Jigsaw/John Kramer dies at the end of Saw III. The fact that they had made 3 and have subsequently made 7 more, means by that point, they must've known that the movies were doing well and they were going to make many more, so why did they kill off John Kramer/Jigsaw so soon?

  • 3
    Not an answer but interesting to note that killing off that character did not make it impossible to make 7 more movies in the franchise. Someone might ask, "why not kill him off?" Commented Oct 13, 2023 at 4:39
  • A certain wizard died in Harry Potter book 6. That didn't stop them writing another book afterwards. The same wizard appears in all three movie prequels too.
    – Valorum
    Commented Oct 13, 2023 at 10:25
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    Jason Voorhees and Freddy Krueger died so many times too, and even their film title had the final chapter etc in it's name. Many movie franchises have ended with the trilogy in a more dignified way than dying longer franchises.
    – Ankit Sharma
    Commented Oct 16, 2023 at 15:25
  • Note, it doesn't seem to have stopped them featuring him in the latest Saw film!
    – Darren
    Commented Oct 17, 2023 at 15:10
  • @Darren yes I beleive the whole reason they made Saw X a prequel is because they're egret killing John Kramer so soon, and their desire to bring him back.
    – Ethan
    Commented Oct 19, 2023 at 13:18

2 Answers 2


they must've known

That's quite a bold assumption. Even a third entry can kill a franchise, and while they certainly could have hoped to milk the cow for years and decade, that would at this point only be an hope.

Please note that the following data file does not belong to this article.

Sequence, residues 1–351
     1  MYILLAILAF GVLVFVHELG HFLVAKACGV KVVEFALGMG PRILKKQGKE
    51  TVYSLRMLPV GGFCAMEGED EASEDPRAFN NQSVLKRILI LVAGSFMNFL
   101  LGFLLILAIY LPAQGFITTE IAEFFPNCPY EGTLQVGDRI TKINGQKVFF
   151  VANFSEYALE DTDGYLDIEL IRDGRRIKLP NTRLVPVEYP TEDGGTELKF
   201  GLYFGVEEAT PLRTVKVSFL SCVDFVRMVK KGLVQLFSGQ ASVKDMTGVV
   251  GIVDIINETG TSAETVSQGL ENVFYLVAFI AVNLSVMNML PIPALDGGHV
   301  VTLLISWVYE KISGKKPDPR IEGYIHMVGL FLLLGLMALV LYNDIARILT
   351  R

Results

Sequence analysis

You must write your best story at every entry, because if this entry fails, what good would it be to have your 'best story' still in your hand...
And if you think your best story requires to kill your character, then you kill him, fair and square.

From a scenario point of view, from what I know of the stories, Jigsaw is a dead man walking from the first movie, having an inoperable brain tumor... Not killing him at some point would undermine the message.

Besides killing a character is never a reason to not bring again his actor/character. From prequels to secret twins, from ghosts to simulated death, from parallels universe to reboot to retcon, from flashbacks to impersonators.

If having to deal with a dead character is an issue to your writer, you should replace him.

Additionally actors' contracts tend to have a number of films or season. When your franchise is blooming, but contract is up to renewal, outright killing (or open-ended cliffhanger) is an easy way to manage this renewal, and to prevent actor to ask too much 'because you can't do the movie without him', or on the other hand if the actor does not want to continue.
I have no idea if it is the case here.

  • Yes, that part definitely makes sense. His inevitable death and subsequent 'appreciation for life' is one of his main motives in what he does so it makes sense that him miraculously surviving late stage cancer for 15 years would undermine his entire justification for his 'tests'.
    – Ethan
    Commented Oct 13, 2023 at 11:18

After reading this article containing an interview for Saw X, I've learnt that the producers have actually answered this very question. They stated that, they themselves, at this point, have started to regret killing off John Kramer so early. They believe that the franchise would have greatly benefited from a longer reign of John Kramer, the original Jigsaw Killer. They explain that, at its conception, the franchise was only ever intended to be a trilogy and they never expected it to be as successful as it was and, therfore, never expected the franchise to run as long as it has.

  • this should be the accepted answer.
    – dna
    Commented Oct 27, 2023 at 7:18

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